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The MUN inaugurates the exhibition of the Brazilian Vik Muniz, a committed artist who plays with reality and reinterprets iconic works and everyday images.

The sample, which can be visited until March 21 on floor -1, brings together a selection of works by the author, especially focused on his latest series.

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Ignacio Miguéliz, María García-Barberena and Valentín Vallhonrat, at exhibition 'Vik Muniz' at MUN PHOTO: Manuel Castells
23/09/20 16:08 Leire Escalada

A game of images, perspectives, scales and materials. This is the invitation that the artist Vik Muniz (Sao Paulo, 1961) proposes through the exhibition that can be visited at the Museo Universidad de Navarra. The sample, which gathers a selection of 25 years of work, has been organized between the Foundation for the Exhibition of Photography (Minneapolis/New York/Paris/Lausanne) and the High Museum of Art (Atlanta), in association with the Museum, and has been possible thanks to the support of the patron Gabriela Willson.

The sample, curated by Arthur Ollman, has the support of the Pamplona City Council and the Elba Benitez Gallery in Madrid partnership . The Museum's exhibition will be the only European stop on its international itinerary and can be visited until March 21 on floor -1.

Ignacio Miguéliz, manager of Curatorial and Collections of the Museum and coordinator of the exhibition, stressed that "Muniz is a visual artist who works with the image, the reality of its representation and the perception of the spectator. There is a dissociation between form and content and it is up to the viewer to discover this through the contemplation of the work".

At presentation he was accompanied by María García-Barberena, Councillor for Culture and Equality of the City Council of Pamplona; and Valentín Vallhonrat, director artistic Museum of the University of Navarra. The Pamplona Consistory has lent for the occasion the work Kyber pass. Self Portrait. After Rembrandt (2005), belonging to its Contemporary Art Collection. "Being able to participate with this piece is very important because it enhances the value of our collection and makes it known to the public. In addition, it is an opportunity to share cultural activity with other institutions. The area of Culture of the City Council and the Museum share interests in promoting quality culture in the city and support creativity as an engine of Education, innovation and social change, "said García-Barberena.

For his part, Vallhonrat valued the work that the Museum has been working with Muniz for 4 years and pointed out that the sample "gives keys to understand the History of Art, but also the functioning of our psyche, the phenomena of perception or how an artistic work is constructed from what we consider waste. This exhibition is rich, abundant, beautiful, for all audiences".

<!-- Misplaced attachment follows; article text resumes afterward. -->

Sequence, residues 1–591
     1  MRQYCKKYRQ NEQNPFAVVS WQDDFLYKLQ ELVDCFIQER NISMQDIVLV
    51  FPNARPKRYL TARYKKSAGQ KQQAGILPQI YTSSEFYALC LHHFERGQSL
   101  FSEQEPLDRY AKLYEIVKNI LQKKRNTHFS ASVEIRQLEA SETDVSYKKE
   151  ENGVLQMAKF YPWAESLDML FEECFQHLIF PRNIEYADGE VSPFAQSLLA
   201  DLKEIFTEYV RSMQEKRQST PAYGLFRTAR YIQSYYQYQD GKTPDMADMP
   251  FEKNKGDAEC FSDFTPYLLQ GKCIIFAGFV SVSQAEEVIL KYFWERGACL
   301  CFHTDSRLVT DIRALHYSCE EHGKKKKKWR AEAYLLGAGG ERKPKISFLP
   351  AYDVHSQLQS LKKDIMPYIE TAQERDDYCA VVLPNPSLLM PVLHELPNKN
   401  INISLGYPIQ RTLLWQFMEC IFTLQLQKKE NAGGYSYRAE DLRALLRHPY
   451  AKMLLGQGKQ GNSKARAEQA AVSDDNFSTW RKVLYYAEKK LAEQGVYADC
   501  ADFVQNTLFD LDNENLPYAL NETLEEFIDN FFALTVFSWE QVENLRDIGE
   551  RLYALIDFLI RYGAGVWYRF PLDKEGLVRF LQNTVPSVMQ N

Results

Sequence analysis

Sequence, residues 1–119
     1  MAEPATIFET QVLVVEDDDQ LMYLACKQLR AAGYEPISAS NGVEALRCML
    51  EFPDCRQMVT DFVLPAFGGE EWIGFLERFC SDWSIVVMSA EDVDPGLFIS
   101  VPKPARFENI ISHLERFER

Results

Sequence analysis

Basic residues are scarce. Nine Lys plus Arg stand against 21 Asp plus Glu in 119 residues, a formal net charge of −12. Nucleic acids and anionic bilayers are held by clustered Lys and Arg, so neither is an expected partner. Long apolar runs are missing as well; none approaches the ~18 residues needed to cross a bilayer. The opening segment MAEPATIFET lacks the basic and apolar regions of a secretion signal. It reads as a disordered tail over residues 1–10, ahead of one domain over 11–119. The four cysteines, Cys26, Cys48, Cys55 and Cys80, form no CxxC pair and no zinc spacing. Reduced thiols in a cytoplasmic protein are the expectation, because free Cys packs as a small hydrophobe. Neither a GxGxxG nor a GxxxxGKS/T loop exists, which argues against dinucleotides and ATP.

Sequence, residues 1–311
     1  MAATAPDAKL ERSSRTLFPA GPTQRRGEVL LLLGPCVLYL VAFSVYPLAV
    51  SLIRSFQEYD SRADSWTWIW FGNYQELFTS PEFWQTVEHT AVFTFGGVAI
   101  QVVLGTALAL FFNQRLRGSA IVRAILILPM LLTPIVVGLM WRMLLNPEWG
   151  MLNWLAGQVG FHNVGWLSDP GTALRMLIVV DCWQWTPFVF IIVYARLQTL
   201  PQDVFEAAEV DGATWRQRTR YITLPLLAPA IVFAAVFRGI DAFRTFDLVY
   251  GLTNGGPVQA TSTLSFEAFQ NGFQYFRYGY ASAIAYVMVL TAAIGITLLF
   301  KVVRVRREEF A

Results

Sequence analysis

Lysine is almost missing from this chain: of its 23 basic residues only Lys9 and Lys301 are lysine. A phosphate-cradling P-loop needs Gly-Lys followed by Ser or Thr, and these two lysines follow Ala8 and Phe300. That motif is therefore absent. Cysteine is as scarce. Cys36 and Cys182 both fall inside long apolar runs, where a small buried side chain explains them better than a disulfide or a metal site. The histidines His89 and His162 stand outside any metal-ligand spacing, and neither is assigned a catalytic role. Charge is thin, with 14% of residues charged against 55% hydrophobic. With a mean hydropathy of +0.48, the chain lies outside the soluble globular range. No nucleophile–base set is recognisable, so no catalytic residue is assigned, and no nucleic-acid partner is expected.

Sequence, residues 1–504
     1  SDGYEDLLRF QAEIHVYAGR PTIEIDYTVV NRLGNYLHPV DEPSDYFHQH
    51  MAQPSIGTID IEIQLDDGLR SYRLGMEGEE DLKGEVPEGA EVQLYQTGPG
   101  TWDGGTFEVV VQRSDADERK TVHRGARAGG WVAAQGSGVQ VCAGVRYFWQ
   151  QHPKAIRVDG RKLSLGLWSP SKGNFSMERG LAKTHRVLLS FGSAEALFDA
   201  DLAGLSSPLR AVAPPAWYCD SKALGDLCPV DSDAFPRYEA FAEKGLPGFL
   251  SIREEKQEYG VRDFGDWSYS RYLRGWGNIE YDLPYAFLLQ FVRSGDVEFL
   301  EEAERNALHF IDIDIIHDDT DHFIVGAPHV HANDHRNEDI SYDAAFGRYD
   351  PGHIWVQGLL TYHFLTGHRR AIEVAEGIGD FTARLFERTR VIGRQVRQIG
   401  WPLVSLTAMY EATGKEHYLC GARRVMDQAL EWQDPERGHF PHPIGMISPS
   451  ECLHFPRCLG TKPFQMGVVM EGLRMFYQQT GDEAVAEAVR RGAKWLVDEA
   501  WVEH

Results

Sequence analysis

In his speech, Miguéliz also highlighted the Brazilian artist's "great sense of humor" and the importance of his creative process: "He always works by recreating previous works. More than copying, he recreates the representational values of a work by producing it with materials that are neither artistic nor conventional at first, although he does not like that word because he understands that art can be made with anything". In this sense, he pointed out that, for Muniz, "the work of art is not born at the moment he takes the photograph, when he presses the shutter, but from the mental approach. He always generates a three-dimensional artifact that he then photographs".

In sample there are recreations of great works of Art History such as the Mona Lisa, The Triumph of Bacchus or Un cafeteria aux Folies Bergère, as well as other series that, for example, drink from historical or family photographs, because in the artist there is a strong link between the visual and collective report . And to make them, his raw subject are elements such as chocolate, sugar, toys, jam or waste.

Precisely one of his projects, which can also be seen at the Museum, are the series Imágenes de Chatarra and Imágenes de basura, made between 2005 and 2010, with workers from the Jardim Gramacho landfill, the largest in Rio de Janeiro. These projects are an example of the great social commitment of Muniz, who grew up in a favela on the outskirts of Sao Paulo and currently straddles New York and Rio de Janeiro. "He is very aware of the environment around him and is conscious of the value of art to improve society. He has collaborated with several social and environmental projects and is a UNESCO Goodwill Ambassador," explains coordinator of sample.

Due to the pandemic, Vik Muniz, who currently resides in Rio de Janeiro, has not been able to travel to Pamplona, but is scheduled to visit the Museum next March to participate in the residency program artistic program Tender Bridges.